Tonight’s season finale of Homeland was a homecoming of sorts, a return from the wilderness, a clearing of the slate. At this time last year, the series seemed destined to spiral into irrelevance, so sunk by the doomed romance between Carrie Mathison (Claire Danes) and Damian Lewis’s Nicholas Brody that even his death promised no relief. As resilient as its troubled heroine, however, Showtime’s stalwart drama reemerged as a force to be reckoned with; the optimism of its love affair with counterterrorism gave way, finally, to the bitter aftertaste of defeat. And so the potent, elegiac hour with which the series concluded its brilliant fourth season is a “Long Time Coming” indeed. Homeland is as imperfect as ever, but it’s once again worth loving, as Carrie says, “like crazy.”
Shifting the action to the suburban homes, apartment complexes, and greasy spoons from which the first season conjured such rough magic, “Long Time Coming” finds Carrie and her sister, Maggie (Amy Hargreaves), sorting through their deceased father’s effects, unable even to throw away his razor. Carrie appears particularly shaken, perhaps because she saw so much of herself in her father. Indeed, the eulogy she gives at his memorial service is, in part, a confrontation with the illness their father shared: “He loved me and my sister like that—like crazy,” she says. “He had demons. Everyone here knows that. But he lived with them. He taught me how to live with them.” Unsettling Carrie further is the surprise appearance of her mother, Ellen (Victoria Clark), who vanished without a trace 15 years ago when she became pregnant with the child of an extramarital partner. “You know what this is called?” Carrie snarls, to Maggie’s dismay. “Too little, too late.”
Of course, Carrie, who more or less abandoned her daughter this season, has plenty in common with Ellen, too, and she impulsively decides to drive through the night to find her. Their meeting is touching, in part because it makes clear that Carrie long ago internalized the notion that her father’s illness destroyed the marriage, and that this profound desire for connection powered the delirium of her relationship with Brody. (“I’ve always thought that being bipolar meant you couldn’t be with people,” she says sadly.) More broadly, though, their exchange reflects this season’s rather acrid sense that even the truth shan’t set you free. After all, Carrie returns to her motel room to call Quinn (Rupert Friend), hoping to revive their own romance, only to discover that his phone’s been disconnected.
“Long Time Coming” is thus filled with incantatory utterances, spells to ward off the dark, and yet the characters’ various calculations, rationalizations, and justifications are ultimately dwarfed by all the fateful compromises that came before:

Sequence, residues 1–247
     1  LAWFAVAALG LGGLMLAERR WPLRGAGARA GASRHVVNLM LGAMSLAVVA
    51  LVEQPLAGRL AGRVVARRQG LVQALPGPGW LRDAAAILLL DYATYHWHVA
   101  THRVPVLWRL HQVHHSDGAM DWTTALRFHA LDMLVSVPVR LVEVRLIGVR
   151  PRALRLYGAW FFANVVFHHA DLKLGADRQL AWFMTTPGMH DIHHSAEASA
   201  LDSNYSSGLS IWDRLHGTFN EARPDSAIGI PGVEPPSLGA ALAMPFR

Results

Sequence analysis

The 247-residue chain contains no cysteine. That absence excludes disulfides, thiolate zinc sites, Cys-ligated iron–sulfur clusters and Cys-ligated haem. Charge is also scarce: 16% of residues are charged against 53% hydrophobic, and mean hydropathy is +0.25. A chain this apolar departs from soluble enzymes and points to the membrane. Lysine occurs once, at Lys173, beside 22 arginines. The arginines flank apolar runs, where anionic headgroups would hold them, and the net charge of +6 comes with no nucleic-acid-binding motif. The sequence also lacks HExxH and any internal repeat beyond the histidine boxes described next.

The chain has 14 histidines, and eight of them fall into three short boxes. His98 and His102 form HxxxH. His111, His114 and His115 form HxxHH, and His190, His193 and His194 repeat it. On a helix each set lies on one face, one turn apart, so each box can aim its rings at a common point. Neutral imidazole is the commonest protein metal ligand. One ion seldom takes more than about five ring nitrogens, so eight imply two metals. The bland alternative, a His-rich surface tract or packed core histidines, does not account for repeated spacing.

I’m walking the line.
Shit, shower, shave.
You left your children to go have more children?
We have to see events for what they are.
The last of these is spoken by Dar Adal (F. Murray Abraham), last spotted riding in Haissam Haqqani’s SUV and the author of a compromise that Carrie is unable to abide. As he reveals to Saul (Mandy Patinkin), Haqqani is willing to cease harboring terrorists if the United States removes him from the fabled kill list. If Saul is skeptical at first, his sense of outrage and personal affront proves miniscule when compared to his ambition. Down the rabbit hole Homeland has inhabited this season, the endless war that distorts our fears, our hopes, our dreams, our loves, ourselves, even the aging lion of other conflicts in other locales is willing to set his qualms aside. “Not every choice we face is blessed with moral clarity,” Adal says. “What’s that line? ’We are the no-men of no-man’s land.’”
If this sounds like another incantation, another spell, it’s only fitting, for darkness looms once more. Quinn joins an exceedingly dangerous mission in Iraq and Syria; Saul and Adal angle for the directorship of the C.I.A.; Carrie, alone and dazed in her car as the jazz-inflected theme plays on the soundtrack, isn’t far from where she started. What may be most terrifying, in Homeland’s multi-season journey from A to B and back again, is this looming sense that it’s easy to mistake stasis for progress when you’re already through the looking glass. “Things change,” Saul offers, but Adal counters with the mantra at the heart of Homeland’s return to the list of television’s best series: “Things go to shit.”
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